Welcome to House Calls, a feature in which Curbed tours the lovely, offbeat, or otherwise awesome homes of regular Chicagoans. Think your space should be featured next? Drop us a line with a few photos and details about your place.
Similar to Chicago's famous comedy culture, the city's maker scene and gaming community are helping put the Second City back on the map when it comes to creativity and innovation. And while the homegrown Cards Against Humanity card game may be the city's best known export, Chicagoans throughout the city are coming together to create and play games. Logan Square residents Peggy and Levi have turned their two bedroom apartment into the unofficial headquarters of Game Night Chicago, a weekly meet up for board game lovers. And with 100 titles on hand, there's no time to be bored at home.
Who lives here?
Peggy and Levi.
What's the skinny?
Levi: It's a 1,500 square foot, two bedroom, one bathroom apartment in the Adidam building in Logan Square, with access to a shared rooftop patio.
Peggy: This will probably be the biggest apartment I will ever live in.
How long have you lived here?
Peggy: I'm an eight year Logan Square resident, but moved in to this apartment last July. We'll be signing the lease for another year.
Levi: I've been in this apartment since July 2013.
What's your favorite thing about your place?
Levi: I love how conducive it is for hosting groups. The space is large enough that we've had over 15 people sitting comfortably at one time. I originally moved in so my old roommate and I could host our game nights here. Now both Peggy and I use it for a variety of small group events. Sometimes it's just social, like a birthday party or ping pong night. Other gatherings have a purpose behind them, like a work group or a discussion on race. Game nights are still a regular happening too. Oh and the included heat!
Peggy: The warm morning sun illuminates the living room through four sets of windows and fills the whole apartment with warmth for most of the day. It can make the coldest of winter days seem bearable.
What thing do you like least about it?
Peggy: Some guests find Fullerton to be a a bit noisy when staying in our living room, but I can't imagine living in Chicago without the city soundtrack.
Levi: The noise of Fullerton Avenue, even though it's not too bad up on the third floor.
What's the deal with the building?
Levi: The building is in great shape because it's been so well maintained by the owners, a religious group called Adidam. They share the large building with a handful of renters and have kept a lot of the classic style, like wood trim and old lighting sconces. At first people look at me weird when I say I live here because they don't know what the building is or who the owners are, but they're the best landlords I've ever had!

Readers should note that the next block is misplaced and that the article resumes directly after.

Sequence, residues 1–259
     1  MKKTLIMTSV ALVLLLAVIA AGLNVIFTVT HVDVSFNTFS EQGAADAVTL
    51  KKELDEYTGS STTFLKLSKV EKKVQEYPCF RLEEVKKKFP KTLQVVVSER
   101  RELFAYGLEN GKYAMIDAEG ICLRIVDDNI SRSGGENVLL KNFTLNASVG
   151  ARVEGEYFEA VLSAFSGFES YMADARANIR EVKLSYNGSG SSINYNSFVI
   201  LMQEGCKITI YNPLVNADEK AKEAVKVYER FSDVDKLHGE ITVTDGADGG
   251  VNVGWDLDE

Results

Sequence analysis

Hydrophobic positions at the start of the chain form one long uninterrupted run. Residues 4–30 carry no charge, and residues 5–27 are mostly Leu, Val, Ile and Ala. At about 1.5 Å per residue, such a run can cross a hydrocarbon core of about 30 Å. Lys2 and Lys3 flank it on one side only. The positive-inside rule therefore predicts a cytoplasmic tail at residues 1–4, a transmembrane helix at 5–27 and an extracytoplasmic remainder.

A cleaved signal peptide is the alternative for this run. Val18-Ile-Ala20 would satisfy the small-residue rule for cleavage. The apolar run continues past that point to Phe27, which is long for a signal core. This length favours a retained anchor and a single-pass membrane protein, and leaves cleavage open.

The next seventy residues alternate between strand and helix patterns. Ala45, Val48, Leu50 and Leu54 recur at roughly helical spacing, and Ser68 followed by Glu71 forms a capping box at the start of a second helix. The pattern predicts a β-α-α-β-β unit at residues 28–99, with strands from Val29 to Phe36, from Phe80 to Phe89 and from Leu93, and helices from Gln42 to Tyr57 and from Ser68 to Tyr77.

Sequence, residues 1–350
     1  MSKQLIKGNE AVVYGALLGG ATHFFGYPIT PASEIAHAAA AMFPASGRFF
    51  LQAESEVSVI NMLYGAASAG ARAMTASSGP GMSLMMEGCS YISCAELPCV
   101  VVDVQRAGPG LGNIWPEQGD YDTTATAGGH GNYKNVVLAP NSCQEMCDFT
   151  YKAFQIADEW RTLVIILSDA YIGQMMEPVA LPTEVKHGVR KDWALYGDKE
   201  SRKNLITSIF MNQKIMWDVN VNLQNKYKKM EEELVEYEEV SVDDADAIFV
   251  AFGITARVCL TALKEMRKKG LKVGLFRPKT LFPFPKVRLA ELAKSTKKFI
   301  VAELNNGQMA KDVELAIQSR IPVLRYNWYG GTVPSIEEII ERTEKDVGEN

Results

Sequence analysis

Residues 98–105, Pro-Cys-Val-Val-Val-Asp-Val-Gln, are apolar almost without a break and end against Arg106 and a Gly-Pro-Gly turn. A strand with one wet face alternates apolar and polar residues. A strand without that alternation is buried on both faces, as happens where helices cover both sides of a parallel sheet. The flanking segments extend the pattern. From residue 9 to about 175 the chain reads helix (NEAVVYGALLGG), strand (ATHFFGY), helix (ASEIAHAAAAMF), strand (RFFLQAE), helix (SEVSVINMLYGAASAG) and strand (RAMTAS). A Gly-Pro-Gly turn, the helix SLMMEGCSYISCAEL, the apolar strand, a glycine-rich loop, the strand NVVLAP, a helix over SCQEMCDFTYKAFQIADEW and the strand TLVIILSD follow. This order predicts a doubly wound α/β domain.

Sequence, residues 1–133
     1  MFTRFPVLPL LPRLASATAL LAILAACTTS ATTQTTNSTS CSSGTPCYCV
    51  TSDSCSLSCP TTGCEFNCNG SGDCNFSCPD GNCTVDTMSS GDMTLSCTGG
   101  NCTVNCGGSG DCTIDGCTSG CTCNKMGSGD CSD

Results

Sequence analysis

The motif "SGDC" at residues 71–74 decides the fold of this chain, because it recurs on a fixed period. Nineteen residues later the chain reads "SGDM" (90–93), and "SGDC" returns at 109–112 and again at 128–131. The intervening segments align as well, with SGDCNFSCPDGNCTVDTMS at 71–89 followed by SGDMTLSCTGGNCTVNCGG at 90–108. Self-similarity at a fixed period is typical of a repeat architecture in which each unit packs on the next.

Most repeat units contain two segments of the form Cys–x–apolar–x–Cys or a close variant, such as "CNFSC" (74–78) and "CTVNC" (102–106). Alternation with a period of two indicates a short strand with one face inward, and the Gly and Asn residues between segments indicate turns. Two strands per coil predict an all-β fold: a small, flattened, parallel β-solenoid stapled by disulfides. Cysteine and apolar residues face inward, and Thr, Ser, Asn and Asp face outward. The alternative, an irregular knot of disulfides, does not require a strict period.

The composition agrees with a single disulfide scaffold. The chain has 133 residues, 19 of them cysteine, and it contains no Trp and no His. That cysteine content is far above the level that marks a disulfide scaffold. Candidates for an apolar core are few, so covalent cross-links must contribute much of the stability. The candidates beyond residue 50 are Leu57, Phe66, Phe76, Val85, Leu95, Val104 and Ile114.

Peggy: Adidam Midwest purchased the building—an 86 year old funeral home—in the mid-'90s. They are the kindest and most thoughtful landlords I have ever had. They go to great lengths to preserve the historic character of the building by having a special handyman on staff who hangs items on our walls and provides us with special light bulbs for our fragile light fixtures.
Do you have any particularly wild stories about your place?
Peggy: The building is a pretty serene sanctuary for me. We are able to utilize our unique space to collaborate with our groups in a more private way than meeting at a coffee shop. I'm very thankful to have a place that can serve so many people for different purposes. From baby showers, game nights, writing groups, and entrepreneurial support groups, this space is regularly modified to meet our needs.
Levi: Nothing too wild. For my birthday in 2014 I had a lot people over for a party and kept having to turn the music down and asking people not to dance too hard. I'm sure the downstairs neighbors felt that was pretty wild!
How has gaming changed the way you interact with your space?
Levi: The Chicago board game community has been one of the ways that we regularly bring people in to share our space. I've been an organizer for a group called Game Night Chicago that now has over 250 online members and a core group that gets together every other week to play, often here. Gaming is a perfect example of the type of fun, purposeful, and community-driven activities we like to host. It's about connecting with the people who share a common interest or goal with you. And although it doesn't compare to others who share the hobby, with a board game collection of around 100 titles, you can't help but recognize the nerdiness as soon as you come through the door!
What's your favorite thing about the neighborhood?
Peggy: Living in this piece of historic Logan Square has inspired me to research more about the many layers of the neighborhood's history. I love supporting the local, diverse family-owned establishments throughout our neighborhood and am so thankful they continue to share their culture.
Levi: I love Logan Square for its small-town feel. I grew up in a tiny city where (cue the Cheers theme) everybody knew your name. I enjoy finding some of that here. Having your bartender or barista know you makes me feel like it's possible to find familiarity in the hustle and bustle of Chicago. One of the many great things about summer is biking around the neighborhood waving at friends who are eating on a patio or lounging on the boulevard.
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